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INFERRING:

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by

Angela Richardson

on 21 January 2016

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Transcript of INFERRING:

What do you know?
Lesson Outcome
Skills
Definition
Figure 19 & STAAR
Angela Walker-Richardson, Academic Facilitator ND Feeder
awalkerrichardso@dallasisd.org
Learning Objective:
On your chart paper provided, dump everything you know about inferring and instruction regarding inferring.
We will be able to develop rigorous, high level inference questions and write text evidence inference statements using various forms of media and text.
Demonstration of Learning:
Given a grade level TEK, I will develop a high level inference question and complete the inference structure with 100% accuracy.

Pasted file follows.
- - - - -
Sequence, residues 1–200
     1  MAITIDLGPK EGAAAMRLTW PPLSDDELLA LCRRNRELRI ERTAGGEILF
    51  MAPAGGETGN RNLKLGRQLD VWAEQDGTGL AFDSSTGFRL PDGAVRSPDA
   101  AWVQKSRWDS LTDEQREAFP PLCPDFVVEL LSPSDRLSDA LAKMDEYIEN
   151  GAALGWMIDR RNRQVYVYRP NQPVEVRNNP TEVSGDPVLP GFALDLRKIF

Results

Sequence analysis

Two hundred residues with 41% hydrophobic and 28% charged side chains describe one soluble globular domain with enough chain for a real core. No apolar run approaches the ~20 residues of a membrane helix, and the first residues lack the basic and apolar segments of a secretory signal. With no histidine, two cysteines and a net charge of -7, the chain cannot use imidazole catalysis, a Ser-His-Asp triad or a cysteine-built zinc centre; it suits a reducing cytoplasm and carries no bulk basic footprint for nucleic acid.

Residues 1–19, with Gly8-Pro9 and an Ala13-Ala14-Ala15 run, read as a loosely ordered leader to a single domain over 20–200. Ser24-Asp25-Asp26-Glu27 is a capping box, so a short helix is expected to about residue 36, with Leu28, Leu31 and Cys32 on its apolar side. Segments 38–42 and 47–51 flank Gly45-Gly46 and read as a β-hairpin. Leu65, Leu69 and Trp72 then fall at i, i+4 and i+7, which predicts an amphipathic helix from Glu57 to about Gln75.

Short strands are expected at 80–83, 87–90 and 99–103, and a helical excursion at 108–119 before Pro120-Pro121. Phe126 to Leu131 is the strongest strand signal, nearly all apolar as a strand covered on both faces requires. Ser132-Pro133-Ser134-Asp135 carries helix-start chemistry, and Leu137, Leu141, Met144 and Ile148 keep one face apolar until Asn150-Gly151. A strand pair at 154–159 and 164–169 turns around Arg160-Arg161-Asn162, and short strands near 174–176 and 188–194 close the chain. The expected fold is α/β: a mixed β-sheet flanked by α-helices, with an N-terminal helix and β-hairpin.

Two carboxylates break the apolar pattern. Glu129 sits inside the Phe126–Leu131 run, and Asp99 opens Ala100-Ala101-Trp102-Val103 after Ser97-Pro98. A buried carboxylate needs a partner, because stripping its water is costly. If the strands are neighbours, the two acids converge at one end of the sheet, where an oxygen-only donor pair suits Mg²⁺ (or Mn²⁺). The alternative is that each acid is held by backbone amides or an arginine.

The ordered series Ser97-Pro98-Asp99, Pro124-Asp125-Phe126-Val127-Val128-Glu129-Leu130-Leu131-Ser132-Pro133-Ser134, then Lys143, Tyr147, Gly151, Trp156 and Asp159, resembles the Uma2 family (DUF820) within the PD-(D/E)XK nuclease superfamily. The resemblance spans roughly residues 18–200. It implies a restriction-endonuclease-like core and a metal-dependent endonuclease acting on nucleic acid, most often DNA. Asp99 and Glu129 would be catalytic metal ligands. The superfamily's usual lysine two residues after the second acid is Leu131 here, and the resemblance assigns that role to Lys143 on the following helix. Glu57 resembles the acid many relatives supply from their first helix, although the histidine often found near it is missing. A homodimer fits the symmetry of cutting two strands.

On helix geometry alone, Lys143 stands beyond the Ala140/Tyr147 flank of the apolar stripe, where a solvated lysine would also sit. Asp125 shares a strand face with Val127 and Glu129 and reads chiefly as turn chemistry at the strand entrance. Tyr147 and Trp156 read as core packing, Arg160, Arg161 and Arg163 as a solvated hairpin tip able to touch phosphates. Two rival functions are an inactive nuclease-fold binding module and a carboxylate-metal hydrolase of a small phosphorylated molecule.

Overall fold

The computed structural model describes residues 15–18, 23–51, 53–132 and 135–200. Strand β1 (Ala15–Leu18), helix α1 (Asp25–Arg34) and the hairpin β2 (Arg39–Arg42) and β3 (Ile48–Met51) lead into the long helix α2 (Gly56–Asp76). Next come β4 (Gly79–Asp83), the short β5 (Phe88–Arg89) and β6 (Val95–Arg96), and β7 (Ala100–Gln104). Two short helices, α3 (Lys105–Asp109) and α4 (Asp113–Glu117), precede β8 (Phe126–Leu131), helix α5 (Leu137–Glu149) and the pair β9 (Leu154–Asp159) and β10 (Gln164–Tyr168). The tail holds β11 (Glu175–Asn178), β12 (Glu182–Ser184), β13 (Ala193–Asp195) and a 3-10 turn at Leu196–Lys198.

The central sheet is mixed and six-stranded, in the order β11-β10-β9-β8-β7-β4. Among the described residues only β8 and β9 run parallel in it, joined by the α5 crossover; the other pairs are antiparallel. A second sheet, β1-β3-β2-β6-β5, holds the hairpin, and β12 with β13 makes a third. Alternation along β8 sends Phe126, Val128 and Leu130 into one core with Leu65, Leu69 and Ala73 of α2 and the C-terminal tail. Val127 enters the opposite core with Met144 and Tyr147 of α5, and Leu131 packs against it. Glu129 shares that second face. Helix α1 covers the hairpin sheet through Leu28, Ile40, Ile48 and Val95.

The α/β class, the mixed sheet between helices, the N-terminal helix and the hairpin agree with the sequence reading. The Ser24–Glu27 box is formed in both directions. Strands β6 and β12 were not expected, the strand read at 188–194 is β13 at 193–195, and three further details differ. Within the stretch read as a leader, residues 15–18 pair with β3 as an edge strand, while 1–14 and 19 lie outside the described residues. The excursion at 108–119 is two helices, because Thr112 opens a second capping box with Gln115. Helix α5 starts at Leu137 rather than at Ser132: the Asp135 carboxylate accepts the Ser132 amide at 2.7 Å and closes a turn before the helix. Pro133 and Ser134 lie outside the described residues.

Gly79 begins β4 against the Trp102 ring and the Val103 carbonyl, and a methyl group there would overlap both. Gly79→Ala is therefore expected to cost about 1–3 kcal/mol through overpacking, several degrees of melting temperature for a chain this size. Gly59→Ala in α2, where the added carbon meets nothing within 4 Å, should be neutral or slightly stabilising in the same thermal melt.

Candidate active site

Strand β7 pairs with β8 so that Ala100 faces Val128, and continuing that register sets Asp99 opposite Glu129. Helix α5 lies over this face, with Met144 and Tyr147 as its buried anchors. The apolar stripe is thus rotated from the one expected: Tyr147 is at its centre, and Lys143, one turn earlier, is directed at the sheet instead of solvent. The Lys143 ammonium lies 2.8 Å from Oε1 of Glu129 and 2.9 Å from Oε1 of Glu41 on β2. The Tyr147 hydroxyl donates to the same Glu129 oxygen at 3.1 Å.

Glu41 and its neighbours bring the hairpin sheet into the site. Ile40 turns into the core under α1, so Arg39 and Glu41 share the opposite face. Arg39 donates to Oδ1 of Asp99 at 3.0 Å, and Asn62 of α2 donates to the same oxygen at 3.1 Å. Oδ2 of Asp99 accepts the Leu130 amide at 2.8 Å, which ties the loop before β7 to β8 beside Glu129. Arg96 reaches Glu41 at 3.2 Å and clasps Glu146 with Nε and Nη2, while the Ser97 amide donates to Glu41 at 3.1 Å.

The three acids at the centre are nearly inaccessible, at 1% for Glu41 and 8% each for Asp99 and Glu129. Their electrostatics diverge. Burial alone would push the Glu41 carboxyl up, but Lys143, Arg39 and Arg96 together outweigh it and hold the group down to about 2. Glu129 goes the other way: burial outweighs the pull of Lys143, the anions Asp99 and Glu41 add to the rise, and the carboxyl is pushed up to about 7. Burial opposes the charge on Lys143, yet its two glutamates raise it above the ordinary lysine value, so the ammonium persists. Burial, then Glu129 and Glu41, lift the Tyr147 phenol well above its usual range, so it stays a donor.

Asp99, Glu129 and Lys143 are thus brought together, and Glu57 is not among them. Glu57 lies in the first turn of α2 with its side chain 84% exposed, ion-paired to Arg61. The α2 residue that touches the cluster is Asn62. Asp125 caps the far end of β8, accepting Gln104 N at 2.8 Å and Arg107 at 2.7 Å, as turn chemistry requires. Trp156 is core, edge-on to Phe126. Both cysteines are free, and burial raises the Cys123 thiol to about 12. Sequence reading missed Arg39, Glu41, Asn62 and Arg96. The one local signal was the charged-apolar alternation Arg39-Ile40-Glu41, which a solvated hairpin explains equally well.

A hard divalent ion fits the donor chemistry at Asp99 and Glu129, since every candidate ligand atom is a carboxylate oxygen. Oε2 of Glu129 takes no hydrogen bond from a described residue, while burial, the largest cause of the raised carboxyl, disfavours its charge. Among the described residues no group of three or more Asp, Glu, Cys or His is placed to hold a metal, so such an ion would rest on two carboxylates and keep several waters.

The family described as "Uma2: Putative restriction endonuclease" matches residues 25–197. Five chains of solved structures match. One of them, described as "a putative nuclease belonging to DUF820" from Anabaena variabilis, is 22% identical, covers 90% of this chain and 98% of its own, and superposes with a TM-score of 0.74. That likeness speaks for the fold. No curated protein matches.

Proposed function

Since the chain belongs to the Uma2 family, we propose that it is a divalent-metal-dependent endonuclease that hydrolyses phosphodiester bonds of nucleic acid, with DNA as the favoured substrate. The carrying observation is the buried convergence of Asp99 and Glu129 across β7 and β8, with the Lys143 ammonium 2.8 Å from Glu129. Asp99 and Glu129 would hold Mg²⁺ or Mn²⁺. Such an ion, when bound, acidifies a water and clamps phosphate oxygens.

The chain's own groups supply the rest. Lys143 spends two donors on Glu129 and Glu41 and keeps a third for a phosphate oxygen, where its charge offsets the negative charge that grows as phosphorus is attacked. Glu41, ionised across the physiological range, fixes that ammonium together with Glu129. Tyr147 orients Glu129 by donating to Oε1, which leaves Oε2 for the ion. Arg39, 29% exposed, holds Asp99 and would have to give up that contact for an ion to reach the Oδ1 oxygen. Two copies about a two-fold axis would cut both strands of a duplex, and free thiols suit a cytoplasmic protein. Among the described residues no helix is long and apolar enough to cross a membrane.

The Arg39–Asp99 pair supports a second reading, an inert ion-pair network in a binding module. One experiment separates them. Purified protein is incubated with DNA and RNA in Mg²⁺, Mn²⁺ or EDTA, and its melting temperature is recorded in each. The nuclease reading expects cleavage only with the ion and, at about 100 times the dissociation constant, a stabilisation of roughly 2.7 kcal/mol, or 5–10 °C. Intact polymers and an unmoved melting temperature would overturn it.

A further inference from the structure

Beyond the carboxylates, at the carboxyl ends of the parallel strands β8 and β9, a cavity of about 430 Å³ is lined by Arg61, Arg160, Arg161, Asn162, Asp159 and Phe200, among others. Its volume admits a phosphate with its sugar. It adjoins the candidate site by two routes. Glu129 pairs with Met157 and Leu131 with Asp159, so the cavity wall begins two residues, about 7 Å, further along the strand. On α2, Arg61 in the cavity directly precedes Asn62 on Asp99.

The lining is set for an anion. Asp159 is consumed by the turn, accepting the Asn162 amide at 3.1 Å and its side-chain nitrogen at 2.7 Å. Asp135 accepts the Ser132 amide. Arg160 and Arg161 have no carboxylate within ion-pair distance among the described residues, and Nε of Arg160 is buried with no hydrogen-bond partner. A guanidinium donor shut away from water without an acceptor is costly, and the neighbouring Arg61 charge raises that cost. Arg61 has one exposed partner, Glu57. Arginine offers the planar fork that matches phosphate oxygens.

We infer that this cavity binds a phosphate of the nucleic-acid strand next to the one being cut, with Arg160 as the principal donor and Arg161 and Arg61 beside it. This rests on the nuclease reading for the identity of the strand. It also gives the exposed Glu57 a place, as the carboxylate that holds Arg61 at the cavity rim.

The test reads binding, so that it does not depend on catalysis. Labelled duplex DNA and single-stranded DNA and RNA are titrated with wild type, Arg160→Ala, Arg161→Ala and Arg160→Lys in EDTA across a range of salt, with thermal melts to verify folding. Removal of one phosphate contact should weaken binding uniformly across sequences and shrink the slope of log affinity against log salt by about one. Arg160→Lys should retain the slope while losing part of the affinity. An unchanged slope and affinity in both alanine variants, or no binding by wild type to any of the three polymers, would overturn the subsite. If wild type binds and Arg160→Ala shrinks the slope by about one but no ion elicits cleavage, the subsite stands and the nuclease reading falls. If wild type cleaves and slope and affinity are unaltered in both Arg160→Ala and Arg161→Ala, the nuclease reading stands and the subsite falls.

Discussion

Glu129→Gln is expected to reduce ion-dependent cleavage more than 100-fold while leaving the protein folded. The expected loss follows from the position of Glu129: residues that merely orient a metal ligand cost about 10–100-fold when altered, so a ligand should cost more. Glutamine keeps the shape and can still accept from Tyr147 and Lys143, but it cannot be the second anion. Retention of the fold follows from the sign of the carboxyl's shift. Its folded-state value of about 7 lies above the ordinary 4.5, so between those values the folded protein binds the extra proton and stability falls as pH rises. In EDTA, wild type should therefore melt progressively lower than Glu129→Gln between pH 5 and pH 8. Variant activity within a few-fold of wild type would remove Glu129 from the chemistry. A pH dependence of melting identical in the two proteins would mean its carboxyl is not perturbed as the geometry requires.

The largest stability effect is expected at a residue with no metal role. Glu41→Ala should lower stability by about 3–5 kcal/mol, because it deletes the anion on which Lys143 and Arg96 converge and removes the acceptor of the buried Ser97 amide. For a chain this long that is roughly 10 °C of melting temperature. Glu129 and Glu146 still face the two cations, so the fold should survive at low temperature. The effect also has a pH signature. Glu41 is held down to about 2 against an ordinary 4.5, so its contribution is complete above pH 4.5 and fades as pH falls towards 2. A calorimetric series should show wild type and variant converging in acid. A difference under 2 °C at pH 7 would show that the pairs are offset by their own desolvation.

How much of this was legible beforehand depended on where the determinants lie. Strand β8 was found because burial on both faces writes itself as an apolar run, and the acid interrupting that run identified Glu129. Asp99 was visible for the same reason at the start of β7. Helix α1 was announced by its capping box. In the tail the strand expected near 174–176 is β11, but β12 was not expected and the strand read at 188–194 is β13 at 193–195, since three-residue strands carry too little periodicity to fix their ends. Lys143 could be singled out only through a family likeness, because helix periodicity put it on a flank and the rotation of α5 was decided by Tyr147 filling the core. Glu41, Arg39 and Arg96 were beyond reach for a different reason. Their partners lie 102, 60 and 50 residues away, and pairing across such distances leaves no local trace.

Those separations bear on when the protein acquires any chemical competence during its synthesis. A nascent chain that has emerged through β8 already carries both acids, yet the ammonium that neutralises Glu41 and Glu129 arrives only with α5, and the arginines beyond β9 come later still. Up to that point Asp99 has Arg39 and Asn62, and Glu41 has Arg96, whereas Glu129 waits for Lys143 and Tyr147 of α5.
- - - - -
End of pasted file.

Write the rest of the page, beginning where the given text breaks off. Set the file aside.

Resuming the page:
Inferences are...
Best Ways to Build Inference Skills
Reading Between the Lines of the Text
Teachers' Role in Instruction
Students' Role in Inferring
Fig.19.D
Make inferences based on the cover, title, illustrations, and plot
(Fiction, Expository & Poetry)
Fig.19.D
Make inferences about text and use
textual evidence to support understanding
(Fiction, Expository, Poetry &
Literary Non-fiction
)
Thank You!
Brain Dump
Ideas that are suggested by the facts or details in a passage.

Often referred to as what you “read between the lines” but is really found “between your ears".

What the author implies or suggests.
Figure (19) Grade K
Figure (19) Grade 1
Fig.19.D
make inferences about text and use textual
evidence to support understanding
(Fiction, Expository, Literary Nonfiction,
Poetry &
Drama
)

Figure (19) Grade 2
The Inference Connection:
Bringing it all together
+

=

Character’s Feelings, Motives & Traits
Context
Clues
Author and Me
Questions
Plot, Theme,
Main Ideas
Check Clues
Inferring directly, creating meaning from text alone
Making Predictions
Using current observations and prior experience to state what will happen in the future
Making Connections
Often self-heavy inferences in which the meaning is found outside of the text
Questioning
A means to check our inferences and think metacognitively